Summer Squash and Zucchini-  2-3 nice Summer Squash and Zucchini this week.  The plants slowed down in production a little, but we still stay faithful to harvesting every other day.  Summer squash and zucchini also prefer 50 degree storage. 

White Onions-  The first week of real, whole onions.  We did our best to pretty these up a tad.  So nice to eat onions right out of the ground like this! 

Green Top Carrots-  Carrots freshly dug with their greens still attached!  What a treat it is to eat carrots that are so fresh out of the ground that they still have their cute little white root tips and dark green tops on them.   Carrot greens are edible and can be used like parsley.  Carrots are in the same family as parsley.  Check out our carrot top pesto recipe! 

Lacinato Kale-  Lacinato kale also goes by Dinosaur Kale or Tuscano Kale (an heirloom variety of kale originally from the Tuscany region in Italy).  This variety seems to be all the rage these days.  It has a very deep green color and a smooth texture that is nice for adding to soups or anything!

Green Leaf Lettuce-  We’re down to just one head of leaf lettuce per box this week.  Another week or two of lettuce and then there may be a dry spell for a bit during the mid summer heat spell that usually makes it too hot to grow lettuce anyways.  We won’t miss it with all of the other wonderful veggies filling the boxes!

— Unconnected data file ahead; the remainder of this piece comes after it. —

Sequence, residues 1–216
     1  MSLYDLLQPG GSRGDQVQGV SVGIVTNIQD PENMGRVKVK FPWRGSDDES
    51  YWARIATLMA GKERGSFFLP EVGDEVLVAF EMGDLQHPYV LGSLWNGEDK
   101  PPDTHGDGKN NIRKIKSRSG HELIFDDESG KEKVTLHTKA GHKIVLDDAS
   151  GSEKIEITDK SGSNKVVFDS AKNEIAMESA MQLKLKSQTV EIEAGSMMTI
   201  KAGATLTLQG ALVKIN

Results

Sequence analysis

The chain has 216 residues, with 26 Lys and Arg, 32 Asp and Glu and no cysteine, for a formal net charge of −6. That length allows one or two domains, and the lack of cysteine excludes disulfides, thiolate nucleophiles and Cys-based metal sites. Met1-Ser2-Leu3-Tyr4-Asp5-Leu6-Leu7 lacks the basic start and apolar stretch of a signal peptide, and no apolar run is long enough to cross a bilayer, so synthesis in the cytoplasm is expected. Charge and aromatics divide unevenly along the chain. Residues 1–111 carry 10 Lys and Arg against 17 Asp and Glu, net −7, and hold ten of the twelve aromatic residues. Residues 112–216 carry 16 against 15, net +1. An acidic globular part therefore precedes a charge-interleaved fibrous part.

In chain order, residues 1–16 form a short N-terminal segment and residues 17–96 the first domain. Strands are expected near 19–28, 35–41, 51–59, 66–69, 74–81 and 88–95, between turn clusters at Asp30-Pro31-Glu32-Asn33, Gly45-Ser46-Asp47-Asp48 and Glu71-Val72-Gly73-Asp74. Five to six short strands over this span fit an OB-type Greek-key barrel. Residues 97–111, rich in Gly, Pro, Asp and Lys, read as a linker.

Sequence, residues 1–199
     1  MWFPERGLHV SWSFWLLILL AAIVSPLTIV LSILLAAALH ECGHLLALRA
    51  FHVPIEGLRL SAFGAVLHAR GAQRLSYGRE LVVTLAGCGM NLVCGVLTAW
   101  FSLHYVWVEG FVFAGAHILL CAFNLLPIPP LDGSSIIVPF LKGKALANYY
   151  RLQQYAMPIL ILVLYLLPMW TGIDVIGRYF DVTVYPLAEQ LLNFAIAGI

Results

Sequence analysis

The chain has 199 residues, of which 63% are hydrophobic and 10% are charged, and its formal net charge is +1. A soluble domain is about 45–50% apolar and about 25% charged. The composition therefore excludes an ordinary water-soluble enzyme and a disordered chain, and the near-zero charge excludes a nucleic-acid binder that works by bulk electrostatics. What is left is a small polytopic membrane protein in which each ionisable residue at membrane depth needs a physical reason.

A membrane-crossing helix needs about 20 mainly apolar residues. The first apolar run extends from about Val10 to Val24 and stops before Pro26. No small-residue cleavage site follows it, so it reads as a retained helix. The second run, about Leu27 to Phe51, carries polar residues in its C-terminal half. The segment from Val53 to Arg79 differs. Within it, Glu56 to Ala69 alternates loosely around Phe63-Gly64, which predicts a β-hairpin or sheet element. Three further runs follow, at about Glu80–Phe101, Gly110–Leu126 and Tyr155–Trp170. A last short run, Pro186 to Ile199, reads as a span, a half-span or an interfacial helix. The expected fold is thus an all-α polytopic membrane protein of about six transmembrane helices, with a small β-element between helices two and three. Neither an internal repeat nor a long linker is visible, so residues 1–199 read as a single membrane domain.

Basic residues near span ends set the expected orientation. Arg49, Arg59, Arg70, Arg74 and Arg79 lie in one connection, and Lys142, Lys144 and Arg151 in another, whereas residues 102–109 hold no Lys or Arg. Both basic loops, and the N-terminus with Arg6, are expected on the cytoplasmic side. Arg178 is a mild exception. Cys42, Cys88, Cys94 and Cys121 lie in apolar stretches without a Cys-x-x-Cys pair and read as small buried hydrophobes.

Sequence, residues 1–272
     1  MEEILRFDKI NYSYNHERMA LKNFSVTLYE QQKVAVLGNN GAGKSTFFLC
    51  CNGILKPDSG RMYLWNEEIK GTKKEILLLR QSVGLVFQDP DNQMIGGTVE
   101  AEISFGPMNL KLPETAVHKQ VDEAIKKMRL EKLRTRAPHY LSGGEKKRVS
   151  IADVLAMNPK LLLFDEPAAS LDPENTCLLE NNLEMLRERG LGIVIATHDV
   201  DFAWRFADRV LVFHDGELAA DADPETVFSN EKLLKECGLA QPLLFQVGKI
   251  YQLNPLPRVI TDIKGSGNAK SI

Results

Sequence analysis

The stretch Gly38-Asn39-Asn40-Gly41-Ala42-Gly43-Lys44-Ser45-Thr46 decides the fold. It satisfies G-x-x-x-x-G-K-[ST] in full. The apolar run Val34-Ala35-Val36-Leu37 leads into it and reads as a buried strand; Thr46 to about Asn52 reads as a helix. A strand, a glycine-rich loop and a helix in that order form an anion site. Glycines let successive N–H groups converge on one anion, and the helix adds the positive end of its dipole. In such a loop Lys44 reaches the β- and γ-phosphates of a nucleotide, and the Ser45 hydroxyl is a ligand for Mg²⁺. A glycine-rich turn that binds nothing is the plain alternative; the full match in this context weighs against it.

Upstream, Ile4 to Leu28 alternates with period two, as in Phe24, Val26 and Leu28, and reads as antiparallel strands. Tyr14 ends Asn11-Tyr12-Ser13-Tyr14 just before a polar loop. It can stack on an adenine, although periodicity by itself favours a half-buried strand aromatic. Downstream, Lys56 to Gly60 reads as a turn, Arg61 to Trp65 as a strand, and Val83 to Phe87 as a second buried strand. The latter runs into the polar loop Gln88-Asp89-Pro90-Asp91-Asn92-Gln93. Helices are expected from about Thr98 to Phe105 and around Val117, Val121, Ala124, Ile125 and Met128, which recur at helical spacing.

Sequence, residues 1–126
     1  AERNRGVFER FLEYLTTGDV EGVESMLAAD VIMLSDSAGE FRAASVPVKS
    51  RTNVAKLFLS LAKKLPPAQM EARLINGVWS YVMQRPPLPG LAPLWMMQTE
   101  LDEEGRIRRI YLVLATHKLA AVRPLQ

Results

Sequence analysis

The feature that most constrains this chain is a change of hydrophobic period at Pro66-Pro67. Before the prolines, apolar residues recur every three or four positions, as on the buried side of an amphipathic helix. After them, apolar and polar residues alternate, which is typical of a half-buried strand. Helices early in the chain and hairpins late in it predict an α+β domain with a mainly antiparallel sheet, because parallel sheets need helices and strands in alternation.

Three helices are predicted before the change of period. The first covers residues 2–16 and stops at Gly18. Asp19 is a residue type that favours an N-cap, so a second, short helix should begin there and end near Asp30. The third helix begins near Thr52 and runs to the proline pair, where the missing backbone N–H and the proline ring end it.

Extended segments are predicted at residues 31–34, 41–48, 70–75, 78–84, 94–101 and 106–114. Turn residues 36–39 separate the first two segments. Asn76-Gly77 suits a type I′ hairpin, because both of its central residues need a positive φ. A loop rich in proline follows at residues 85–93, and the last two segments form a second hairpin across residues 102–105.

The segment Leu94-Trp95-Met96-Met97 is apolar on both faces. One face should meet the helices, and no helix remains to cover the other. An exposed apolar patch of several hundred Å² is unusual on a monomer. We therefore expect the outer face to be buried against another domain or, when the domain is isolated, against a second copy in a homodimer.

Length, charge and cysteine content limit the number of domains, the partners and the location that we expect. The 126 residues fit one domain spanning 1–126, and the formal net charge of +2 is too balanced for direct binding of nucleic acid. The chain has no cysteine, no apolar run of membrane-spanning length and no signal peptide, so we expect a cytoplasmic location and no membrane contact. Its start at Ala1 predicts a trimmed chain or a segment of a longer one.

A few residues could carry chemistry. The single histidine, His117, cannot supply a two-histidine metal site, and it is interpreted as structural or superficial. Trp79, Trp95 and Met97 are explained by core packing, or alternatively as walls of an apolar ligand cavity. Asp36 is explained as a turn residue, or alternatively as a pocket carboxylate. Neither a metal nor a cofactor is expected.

Garlic-  The first week of green garlic!  You’ll notice as you go to peel the green garlic that the membrane that is around each clove that is usually paper thin is still a much thicker, living layer on the garlic.  Go ahead and still peel this away, but know that it’s a little harder to detect since this garlic isn’t cured down just yet. DSC 0141 1

Celery-  Okay, so local celery is no comparison to California Celery.  I don’t know what they do to that stuff to make it so crunchy and light green and contain so little leaf.  But I’m here to tell ya folks, this is what local celery looks like!  It’s even a pretty good year for it with all of the rain that we’ve had.  The stalks are pretty juicy.  Local celery has a stronger celery flavor.  Don’t forget to use the greens in your cooking, salads and soups! 

Next Week’s Best Guess:

Disclaimer:  This is only our best guess from what we see up and coming from field walks.  Next week's actual box may look slightly different from this projection.

Red Cabbage, Melons, Broccoli, Celery, Summer Squash, Zucchini, Cucumbers, sweet corn, beets, Eggplant, Green Curly Kale, White Onion, Basil, Hot Peppers

Recipes-

Carrot Top Pesto

No Noodle Zucchini Lasagna

Garlic and Herb Roasted Zucchini and Summer Squash with Fresh Mozzarella Balls

Cucumber Water

 Cucumber and Celery Salad with Tuna

July Twentieth

Summer feels like it’s finally here!  The heat it on and the forecast is calling for temperatures in the middle 90’s this week!  I even heard the first cicadas of the season a few nights ago.  The harvesting is heavy and the work load is even heavier!  We have been busy trying to keep up with seeding fall lettuce, transplanting fall broccoli and cabbage and all the while maintaining many of the every-other-day harvests such as broccoli, cauliflower, cucumbers and summer squashes. DSC 0143